Poma: No, America Isn’t Pure Evil. But It’s Still Time for an Intervention.


A masked demonstrator, holding an upside down American flag, faces Utah law enforcement officers gathered in front of the Utah State Capitol Building on June 4th, 2020. (Photo by Mark Draper | The Daily Utah Chronicle)

By Sasha Poma, Assistant Opinion Editor


An op-ed published a few weeks ago from Utah Representative Chris Stewart defended what he called an unpopular opinion: “America is good.” Perhaps it’s not the most controversial topic to exist, especially at this moment in history. But it’s still worth reflecting on as elections approach and COVID-19 continues through the last half of 2020. It’s certainly compelling, but Stewart’s view assumes that it’s just popular to hate America right now. But the USA’s current and past flaws prove that America’s goodness has fallen from grace. As a nation that always prides itself on being the greatest, we need to reevaluate our priorities so we can say such a thing with full confidence once again.

Stewart’s commentary notes valid points in regard to the US’s imperfections — from slavery to abuse in foreign policies. However, he also dismisses the views of alleged “neo-Marxists” in the US today, claiming they twist narratives and hyperfocus on the past. “It would be more helpful to empower individuals by ensuring the Bill of Rights is applied fairly than to focus on past sins,” he wrote. And, he is correct. We shouldn’t just condemn history. Rather, we should learn from it and find the lessons that can help us do the real patriotic thing — help one another improve the nation.

But toxic patriotism also gets us nowhere. Let’s not pretend that the country isn’t currently flawed. Many of the struggles we fight today are reminiscent of struggles dating back to our founding — we still haven’t learned from our mistakes. Other factors of Stewart’s commentary, such as the idea that America has improved wholly and that American capitalism benefits more than harms, while they might be good in theory, fail to properly evaluate any shortcomings. Arguably, that’s the most important part of the path to improvement — noting mistakes and shortcomings to ensure they aren’t repeated down the line.

While we might not be in the same trenches of racism and disregard for the middle class as we have been historically, we shouldn’t pat ourselves on the back quite yet — which is the issue with Stewart’s viewpoint. We can’t settle for “good enough.” For one thing, American capitalism still fails in some ways and people still fight against racial inequality and injustice in this country. The US always prides itself on striving for being the best. Why settle for mediocrity when it comes to“liberty and justice for all”? Well, we shouldn’t.

Not everyone who disagrees with Stewart or questions American greatness are anti-USA radicals or ungrateful new-age hippies. Far from it, actually. University students carry much more student loan debt because America places ridiculous prices on higher education. We can also look at ongoing crises related to oil and keeping our military in the Middle East, of which we have no rightful purpose — especially since we have enough oil right here in the US.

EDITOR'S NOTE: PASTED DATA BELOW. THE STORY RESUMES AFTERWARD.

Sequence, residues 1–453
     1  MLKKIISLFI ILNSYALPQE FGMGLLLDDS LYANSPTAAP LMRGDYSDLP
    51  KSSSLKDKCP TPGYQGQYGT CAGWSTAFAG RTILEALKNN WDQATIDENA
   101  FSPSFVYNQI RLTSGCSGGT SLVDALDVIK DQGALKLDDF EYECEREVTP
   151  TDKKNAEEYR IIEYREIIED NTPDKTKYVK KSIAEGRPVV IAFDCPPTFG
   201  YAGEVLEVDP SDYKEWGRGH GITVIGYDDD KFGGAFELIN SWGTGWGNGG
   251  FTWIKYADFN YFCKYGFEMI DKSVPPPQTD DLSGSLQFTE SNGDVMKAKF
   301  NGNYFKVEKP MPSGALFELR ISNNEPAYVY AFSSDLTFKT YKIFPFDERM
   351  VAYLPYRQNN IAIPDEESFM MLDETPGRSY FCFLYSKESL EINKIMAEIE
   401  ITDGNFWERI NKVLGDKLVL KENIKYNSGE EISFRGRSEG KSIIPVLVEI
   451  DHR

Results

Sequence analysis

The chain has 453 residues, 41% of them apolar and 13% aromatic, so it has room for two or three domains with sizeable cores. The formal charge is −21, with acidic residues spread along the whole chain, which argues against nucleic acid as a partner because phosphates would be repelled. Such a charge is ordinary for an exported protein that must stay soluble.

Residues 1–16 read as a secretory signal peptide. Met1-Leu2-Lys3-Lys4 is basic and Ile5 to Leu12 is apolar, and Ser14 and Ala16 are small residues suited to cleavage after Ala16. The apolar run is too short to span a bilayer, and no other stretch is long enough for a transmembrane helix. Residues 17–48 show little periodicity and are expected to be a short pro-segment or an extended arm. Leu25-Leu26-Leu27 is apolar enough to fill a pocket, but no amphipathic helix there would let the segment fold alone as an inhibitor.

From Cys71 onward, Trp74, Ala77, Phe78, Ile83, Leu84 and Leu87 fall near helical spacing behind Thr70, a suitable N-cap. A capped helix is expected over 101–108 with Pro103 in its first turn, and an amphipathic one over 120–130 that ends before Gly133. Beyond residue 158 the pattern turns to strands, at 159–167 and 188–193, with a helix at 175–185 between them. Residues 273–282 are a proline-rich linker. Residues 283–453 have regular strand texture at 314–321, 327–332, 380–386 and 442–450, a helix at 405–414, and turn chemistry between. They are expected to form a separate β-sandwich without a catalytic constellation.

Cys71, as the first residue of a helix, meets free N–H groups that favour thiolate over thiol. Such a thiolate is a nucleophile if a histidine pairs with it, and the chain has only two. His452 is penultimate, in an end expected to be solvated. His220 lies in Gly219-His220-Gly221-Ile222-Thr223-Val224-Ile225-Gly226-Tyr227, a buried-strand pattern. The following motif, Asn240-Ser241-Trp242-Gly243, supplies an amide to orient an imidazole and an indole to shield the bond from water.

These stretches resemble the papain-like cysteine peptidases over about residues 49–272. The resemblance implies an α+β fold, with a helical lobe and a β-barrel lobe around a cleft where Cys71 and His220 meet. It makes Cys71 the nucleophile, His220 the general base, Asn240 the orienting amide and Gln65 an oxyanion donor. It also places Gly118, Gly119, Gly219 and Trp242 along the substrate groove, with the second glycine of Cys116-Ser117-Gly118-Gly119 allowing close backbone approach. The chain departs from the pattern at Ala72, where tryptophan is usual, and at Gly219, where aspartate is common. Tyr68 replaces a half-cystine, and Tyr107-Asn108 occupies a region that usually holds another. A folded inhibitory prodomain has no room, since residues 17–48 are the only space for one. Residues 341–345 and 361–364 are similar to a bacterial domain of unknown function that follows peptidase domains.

Not to mention, the USA ranks woefully low internationally in terms of just about anything from healthcare to happiness. In 2016, we ranked 27th globally in terms of education and health together — whereas in the 1990s, we ranked 6th. But in terms of military spending, we certainly outrank most of the globe. It seems that our “best of the best” title doesn’t hold up when we look at what really matters. Needless to say, our priorities grow skewed with new leadership, questionable policies and dismal statistics.

No, the USA is not perfect, and yes, we are taking steps to improve. The resurgence of Black Lives Matter, the fact that we have a nice thing called voting, and the general diversity found in the US attests to that statement. All those good things directly align with the original ideas found in the US Constitution and Bill of Rights — the very things Stewart calls back to in his article. “Life, liberty and the pursuit of happiness” should always be in our hearts and actively being worked toward. Just because we have claimed those values historically doesn’t mean we aren’t doing any harm.

As Stewart stated, “I am not blind to the fact that a review of American history provides examples of moral failings. We have not always been led by perfect people.” Most of us, patriotic or not, could agree on that front. However, we need to make sure history does not continue to repeat itself — which it is, in facets from our leadership to the pandemic. And given Stewart’s partiality to President Donald Trump, he might not be evaluating our leadership as properly as he should.

Stewart, on the whole, examines a unique viewpoint, and it’s brought more important questions to the forefront, especially at this delicate time. So the question at this point should be, what can we do to ensure America improves? Be aware of the issues. Read the news. And most importantly, don’t be afraid to thoughtfully critique anything, especially your country. It’s how we learn to improve and, with luck, change the world around us. It’s the patriotic thing to do.


[email protected]